Card vs. Cash: Which Travel Money Option Should You Take?

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[dropcapW[/dropcap]hen travelling, you often don’t decide on exactly how much cash you’re going to bring until the very last minute. Booking flights, choosing the best accommodation, renting a car, tour packages, and travel insurance all come first.

However, if you’re travelling to a destination off the beaten track or may not have easy access to an ATM, you need to consider what your options are in regards to travel money. With help from MyBaggage.com, here are the options available to you:

Cash in local and home currency

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There are some benefits to bringing cash in both your home currency and that of the country you’re visiting. Not only is it convenient, like if you’ve arrived at the airport late at night and need cash pronto, but you also don’t have to worry about finding an ATM or getting money exchanged. As they say, cash is king, so it’s a good idea to always have some cash-on-hand as it can cover you in case of emergencies.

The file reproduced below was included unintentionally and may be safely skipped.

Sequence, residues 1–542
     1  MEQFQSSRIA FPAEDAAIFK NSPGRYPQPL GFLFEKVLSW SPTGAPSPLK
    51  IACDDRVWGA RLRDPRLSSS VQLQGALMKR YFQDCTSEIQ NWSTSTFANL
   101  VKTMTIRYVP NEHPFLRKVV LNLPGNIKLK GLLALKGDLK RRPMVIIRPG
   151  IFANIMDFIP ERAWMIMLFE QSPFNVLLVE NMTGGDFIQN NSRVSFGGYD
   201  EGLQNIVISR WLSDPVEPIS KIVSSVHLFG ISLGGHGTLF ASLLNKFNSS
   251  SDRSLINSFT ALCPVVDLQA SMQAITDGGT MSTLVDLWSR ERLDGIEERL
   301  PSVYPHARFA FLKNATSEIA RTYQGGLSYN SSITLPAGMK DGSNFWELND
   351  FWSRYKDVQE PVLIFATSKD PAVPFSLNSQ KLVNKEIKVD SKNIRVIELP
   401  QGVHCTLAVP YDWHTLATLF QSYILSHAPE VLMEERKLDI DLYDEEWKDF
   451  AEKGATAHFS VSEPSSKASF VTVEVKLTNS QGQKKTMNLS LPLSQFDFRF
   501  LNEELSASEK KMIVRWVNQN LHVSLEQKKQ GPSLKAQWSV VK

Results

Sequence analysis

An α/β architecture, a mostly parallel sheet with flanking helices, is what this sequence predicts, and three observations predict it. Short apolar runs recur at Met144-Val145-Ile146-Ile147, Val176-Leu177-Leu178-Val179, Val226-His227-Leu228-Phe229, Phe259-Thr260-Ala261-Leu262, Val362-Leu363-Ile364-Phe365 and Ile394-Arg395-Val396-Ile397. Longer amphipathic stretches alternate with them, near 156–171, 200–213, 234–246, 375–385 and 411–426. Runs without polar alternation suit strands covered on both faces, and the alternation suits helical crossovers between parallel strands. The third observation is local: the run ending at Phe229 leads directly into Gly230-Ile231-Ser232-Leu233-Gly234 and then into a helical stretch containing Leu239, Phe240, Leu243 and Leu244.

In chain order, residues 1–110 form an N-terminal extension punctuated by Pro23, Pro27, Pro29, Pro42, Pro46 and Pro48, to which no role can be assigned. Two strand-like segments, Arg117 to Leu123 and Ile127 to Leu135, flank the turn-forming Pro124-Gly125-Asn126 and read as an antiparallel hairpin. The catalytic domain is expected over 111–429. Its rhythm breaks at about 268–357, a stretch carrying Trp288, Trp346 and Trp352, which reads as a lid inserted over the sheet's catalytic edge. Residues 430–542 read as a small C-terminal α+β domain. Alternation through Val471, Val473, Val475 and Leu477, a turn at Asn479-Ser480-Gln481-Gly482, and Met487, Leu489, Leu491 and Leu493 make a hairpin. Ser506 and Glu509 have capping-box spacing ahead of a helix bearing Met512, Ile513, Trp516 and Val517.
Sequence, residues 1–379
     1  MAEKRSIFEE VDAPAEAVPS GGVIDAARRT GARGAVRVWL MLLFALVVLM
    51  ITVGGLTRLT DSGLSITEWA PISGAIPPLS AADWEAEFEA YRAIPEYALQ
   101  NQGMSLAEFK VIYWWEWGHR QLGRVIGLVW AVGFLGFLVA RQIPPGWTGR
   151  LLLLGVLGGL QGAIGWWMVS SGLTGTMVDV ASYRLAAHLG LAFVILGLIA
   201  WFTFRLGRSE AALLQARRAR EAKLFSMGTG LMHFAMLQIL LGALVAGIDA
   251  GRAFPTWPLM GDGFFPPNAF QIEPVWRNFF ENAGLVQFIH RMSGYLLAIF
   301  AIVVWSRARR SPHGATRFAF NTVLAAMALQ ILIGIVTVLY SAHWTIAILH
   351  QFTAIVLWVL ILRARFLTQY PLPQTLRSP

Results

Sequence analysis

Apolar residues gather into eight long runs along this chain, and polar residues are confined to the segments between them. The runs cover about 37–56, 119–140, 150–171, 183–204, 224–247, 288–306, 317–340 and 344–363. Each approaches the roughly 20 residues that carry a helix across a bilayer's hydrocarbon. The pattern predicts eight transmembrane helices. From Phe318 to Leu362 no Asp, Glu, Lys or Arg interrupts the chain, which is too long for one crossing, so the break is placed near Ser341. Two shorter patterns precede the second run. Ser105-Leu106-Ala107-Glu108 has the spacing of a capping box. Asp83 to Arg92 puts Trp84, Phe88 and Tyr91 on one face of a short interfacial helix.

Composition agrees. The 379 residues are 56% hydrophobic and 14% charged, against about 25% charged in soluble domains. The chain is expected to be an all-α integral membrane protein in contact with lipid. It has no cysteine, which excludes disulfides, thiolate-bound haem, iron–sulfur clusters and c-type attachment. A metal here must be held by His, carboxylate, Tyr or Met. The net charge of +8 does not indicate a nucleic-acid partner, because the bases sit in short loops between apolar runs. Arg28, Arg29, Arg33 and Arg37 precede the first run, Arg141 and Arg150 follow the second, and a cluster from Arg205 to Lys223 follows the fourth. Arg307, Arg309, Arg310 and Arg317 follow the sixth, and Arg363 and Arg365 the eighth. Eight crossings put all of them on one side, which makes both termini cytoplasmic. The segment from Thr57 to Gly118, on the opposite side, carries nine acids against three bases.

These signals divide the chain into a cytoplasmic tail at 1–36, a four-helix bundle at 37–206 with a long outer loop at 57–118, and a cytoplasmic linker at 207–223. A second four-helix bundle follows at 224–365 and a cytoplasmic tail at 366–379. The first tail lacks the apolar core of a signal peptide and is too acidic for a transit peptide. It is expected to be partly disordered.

Do also consider bringing some US Dollars with you instead if your home country’s currency may not be accepted everywhere. For instance, you’ll be hard-pressed to find a money changer in Vietnam that will accept Malaysian Ringgit.

However, cash does always come with a risk, because if you lose it or get robbed there’s no way to replace it. If you’re planning on bringing a large sum of cash, invest in a protective money belt and don’t carry large sums with you. Instead, leave the majority of it in your hotel safe and just bring with you what you’ll need. This is also a good way to keep within your daily spending budget.

Debit cards

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One of the perks of bringing a debit card is that you’ll be able to withdraw money without having to worry about carrying a large sum on you all the time. You don’t have to worry about getting your money exchanged either as when you make a withdrawal, it’ll be in the local currency. However, do remember that depending on your bank, you may be charged a withdrawal fee and currency conversion rates on top of this.